Thursday, June 30, 2005


Yahoo maps API

As well as Google, Yahoo have also launched a mapping API. Whilst the Google API has it's fair share of problems, the Yahoo API is quite simple - it's such a shame that the service is such a poor one, so as to make the API a non starter as far as I'm concerned.

Jeffrey McManus (who works at Yahoo) has a 7 point list as to why he thinks the Yahoo API is better than Google's, which comes down to this:
  1. The Yahoo map is hosted on Yahoo - so this means that you can't integrate it into your site - what good is that?
  2. Yahoo allows unlimited maps to be served up - whereas Google have a limit of 50K per day per page - that seems very generous to me
  3. {juvenile name calling}
  4. Yahoo allows US street addresses as well as the Lat/Long that Google uses - but Google's maps are worldwide, whereas Yahoo is limited to the USA only
  5. {repeat of juvenile humour}
  6. Yahoo have lots of other API's for other types of data - agreed - I'm a big fan of their other API's (which pass back data you can then serve up presented as you want), but that only serves to show how poor the Yahoo mapping API is
  7. Yahoo uses modified RSS to specify points to show on the map - agreed this is currently simpler than Google's arrangement
So by my reckoning, there are 2 strikes against the Yahoo API here - the maps can't be embedded, and are USA only, with only the simplicity factor in their favour. I really can't see many people wanting to use this API at all.


The cream of the Google Maps API

Google Maps has finally gained an official API, (though being beta, it's almost as likely to change as the unofficial API everyone has been using up to now).

Use of the API requires a key, which is causing no end of problems, since keys are tied to partial URLs:
Lets hope they fix that ASAP, since thats a huge flaw in the implementation.

There's a very lively discussion group for the API, with lots of good questions, answers, and examples being posted already. A few that caught my eye are:
Example uses of the API include
Other interesting items to come out of the discussions:

Tuesday, June 14, 2005


More Google Maps fun

A few more Google Maps data presentations:

Sunday, June 12, 2005


Smart commas, but stupid ampersands

Getty Images are indicating that their search now uses "smart commas". The text describing this feature notes that:
If you're using words in the search field for your keyword searches, commas now work like AND:
- Put "tom cruise, close-up" in the search field
- Your results will return images that contain close-ups of Tom Cruise

If you're using image numbers in the search field for your keyword searches, commas now work like OR:
- Put "1945157, 1951923" in the search field
- Your results will return both image # 1945157 and image # 1951923
I approve of this - this seems a very sensible behaviour. However, the text also notes that:
You can also use an ampersand (&) in place of AND. But be sure to add a space between keywords and "&".
I don't understand this restriction at all - the examples show that you dont need to surround a comma by spaces, but you do if you use an ampersand. It must have been almost as hard work to write up that ampersands don't work as it would have been to fix it so that they do!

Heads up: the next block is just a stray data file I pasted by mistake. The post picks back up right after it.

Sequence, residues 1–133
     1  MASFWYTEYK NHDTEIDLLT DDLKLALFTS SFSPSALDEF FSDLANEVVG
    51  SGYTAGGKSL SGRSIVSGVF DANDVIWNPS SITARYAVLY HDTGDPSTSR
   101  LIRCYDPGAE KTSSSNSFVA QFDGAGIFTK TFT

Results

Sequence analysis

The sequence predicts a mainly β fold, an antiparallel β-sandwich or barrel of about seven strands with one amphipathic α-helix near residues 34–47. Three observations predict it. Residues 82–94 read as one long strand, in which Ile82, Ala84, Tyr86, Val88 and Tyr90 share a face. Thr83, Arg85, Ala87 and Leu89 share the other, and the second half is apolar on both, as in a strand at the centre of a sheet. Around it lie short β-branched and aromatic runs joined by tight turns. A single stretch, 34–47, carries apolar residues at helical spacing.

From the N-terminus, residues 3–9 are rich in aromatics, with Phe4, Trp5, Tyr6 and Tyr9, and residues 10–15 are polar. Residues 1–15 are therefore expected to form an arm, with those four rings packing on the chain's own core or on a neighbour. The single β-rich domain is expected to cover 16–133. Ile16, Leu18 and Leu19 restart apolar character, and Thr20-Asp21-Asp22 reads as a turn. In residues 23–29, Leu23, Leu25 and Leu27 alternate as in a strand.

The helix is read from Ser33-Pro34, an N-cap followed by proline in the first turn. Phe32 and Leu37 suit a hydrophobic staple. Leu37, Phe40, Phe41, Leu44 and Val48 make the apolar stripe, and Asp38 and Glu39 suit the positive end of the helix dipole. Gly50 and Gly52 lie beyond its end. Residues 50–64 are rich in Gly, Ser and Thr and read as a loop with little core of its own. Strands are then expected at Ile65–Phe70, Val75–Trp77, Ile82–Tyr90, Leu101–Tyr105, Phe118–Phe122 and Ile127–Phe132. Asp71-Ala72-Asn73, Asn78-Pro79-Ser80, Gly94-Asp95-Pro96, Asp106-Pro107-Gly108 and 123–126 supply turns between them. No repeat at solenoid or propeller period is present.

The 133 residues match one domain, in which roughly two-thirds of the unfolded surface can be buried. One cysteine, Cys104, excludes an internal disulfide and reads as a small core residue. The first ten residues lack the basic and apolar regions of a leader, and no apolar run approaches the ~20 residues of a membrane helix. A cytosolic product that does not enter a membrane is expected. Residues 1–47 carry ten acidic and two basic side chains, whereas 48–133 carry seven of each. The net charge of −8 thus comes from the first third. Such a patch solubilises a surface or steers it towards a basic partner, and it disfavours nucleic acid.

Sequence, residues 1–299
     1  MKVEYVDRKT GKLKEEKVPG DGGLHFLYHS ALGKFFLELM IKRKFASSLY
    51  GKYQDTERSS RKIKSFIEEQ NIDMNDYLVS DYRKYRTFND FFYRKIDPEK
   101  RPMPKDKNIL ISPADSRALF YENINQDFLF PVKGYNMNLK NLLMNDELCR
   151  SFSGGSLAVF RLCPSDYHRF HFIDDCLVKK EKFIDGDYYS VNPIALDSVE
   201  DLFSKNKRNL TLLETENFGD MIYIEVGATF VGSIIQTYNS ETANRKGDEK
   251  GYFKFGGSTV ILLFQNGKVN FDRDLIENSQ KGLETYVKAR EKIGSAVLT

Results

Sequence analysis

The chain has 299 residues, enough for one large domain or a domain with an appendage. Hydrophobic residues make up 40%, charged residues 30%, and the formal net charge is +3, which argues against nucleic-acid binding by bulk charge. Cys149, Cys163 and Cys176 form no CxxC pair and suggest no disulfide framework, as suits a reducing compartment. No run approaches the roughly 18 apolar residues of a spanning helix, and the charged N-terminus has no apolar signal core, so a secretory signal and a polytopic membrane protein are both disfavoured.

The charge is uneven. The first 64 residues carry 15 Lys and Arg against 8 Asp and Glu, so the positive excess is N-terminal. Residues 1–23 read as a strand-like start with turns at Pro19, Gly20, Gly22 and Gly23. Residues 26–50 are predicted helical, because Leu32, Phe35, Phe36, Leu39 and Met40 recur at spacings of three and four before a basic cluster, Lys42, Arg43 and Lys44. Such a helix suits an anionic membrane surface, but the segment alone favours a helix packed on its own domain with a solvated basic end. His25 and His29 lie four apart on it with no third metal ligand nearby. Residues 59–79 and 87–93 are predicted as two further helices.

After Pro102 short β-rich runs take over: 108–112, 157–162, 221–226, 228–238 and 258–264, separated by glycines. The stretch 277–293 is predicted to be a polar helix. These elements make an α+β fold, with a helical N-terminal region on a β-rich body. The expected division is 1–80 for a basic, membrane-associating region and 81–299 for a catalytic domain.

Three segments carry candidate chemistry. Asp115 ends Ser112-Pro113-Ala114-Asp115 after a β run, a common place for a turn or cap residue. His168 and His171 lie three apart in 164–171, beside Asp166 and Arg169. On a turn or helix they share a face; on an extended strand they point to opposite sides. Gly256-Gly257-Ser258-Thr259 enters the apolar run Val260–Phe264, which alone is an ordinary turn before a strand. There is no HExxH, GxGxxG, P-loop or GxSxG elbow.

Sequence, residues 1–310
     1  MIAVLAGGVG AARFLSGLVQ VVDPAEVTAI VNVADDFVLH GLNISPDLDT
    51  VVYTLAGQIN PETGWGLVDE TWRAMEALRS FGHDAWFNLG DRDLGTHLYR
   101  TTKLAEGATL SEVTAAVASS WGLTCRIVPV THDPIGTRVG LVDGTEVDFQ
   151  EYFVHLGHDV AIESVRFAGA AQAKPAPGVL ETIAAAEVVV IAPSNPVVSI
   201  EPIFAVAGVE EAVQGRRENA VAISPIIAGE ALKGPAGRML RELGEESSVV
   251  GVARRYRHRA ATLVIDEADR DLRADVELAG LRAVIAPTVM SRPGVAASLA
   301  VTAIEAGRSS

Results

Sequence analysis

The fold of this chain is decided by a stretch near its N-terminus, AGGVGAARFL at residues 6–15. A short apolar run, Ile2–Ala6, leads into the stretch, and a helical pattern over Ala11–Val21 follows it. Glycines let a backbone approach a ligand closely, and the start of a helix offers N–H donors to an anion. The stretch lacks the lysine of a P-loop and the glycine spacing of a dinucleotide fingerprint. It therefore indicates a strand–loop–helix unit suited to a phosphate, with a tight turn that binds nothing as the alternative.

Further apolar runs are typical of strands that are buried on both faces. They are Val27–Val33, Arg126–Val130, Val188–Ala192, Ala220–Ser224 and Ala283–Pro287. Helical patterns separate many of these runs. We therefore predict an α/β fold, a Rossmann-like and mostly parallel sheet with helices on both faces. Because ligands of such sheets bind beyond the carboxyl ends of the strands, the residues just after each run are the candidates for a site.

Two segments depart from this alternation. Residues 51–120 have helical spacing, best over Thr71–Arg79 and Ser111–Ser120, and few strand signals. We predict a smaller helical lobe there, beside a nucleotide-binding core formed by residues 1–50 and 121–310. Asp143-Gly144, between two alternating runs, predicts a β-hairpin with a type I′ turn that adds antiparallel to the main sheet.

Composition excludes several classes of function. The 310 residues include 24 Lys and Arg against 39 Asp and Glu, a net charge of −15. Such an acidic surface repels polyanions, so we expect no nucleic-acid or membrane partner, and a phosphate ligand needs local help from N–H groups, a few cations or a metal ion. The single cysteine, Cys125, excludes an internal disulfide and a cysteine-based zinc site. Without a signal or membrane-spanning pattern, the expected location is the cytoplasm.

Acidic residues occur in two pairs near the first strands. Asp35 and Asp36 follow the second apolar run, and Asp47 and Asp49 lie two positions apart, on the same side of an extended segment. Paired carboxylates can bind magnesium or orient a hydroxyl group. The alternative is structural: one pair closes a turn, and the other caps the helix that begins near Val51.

Thursday, June 09, 2005


Why Google maps does not have a scale

One of the missing features from Google maps is a scale. Whilst not impossible to provide, there is one very good reason why this is not provided - Google maps are not drawn to scale!

This Slashdot comment titled Google Maps are awfully distorted anyway explains that

Google Maps uses a fixed longitude/latitude distance ratio of ~0.772, while the true ratio depends on latitude (the ratio should be cos(latitude)). So Google Map is optimized for 39.5 of latitude (N or S), and the maps are increasingly distorted as you go toward the poles or the equator.

The example given shows some streets in Anchorage which are really at right angles, but which show up as a diamond mesh due to the stretching. (Ignore the follow up comments that claim the original post is wrong - they are pointing out north south aligned grids, where of course the right angles are maintained by the stretching anyway). If you want a further example, switch to satellite mode, and observe the round structure to the north west of the runway - which due to the stretching appears as an ellipse shape.

Wednesday, June 08, 2005


Translating UK locations to latitude and longitude

The UK has probably the best national mapping service in the world, in the form of the Ordnance Survey. Their mapping data is used for almost all maps produced in the UK, and UK locations are normally specified using a National Grid Reference - which overlays a grid based on the metric system over the UK.

Google maps is different, even in its UK incarnation - its coordinate system is the universal latitude and longitude, which applies worldwide. The widespread use of GPS has also pushed latitude and longitude to the fore as an everyday system.

Thus there is an increasing need to convert from NGR data to lat/long data, and a few resources which can help are:
There is ready written code available to do the conversion in
UK postal addresses also have postcodes, which might similarly be converted to latitude / logitude locations. Resources to help with that are: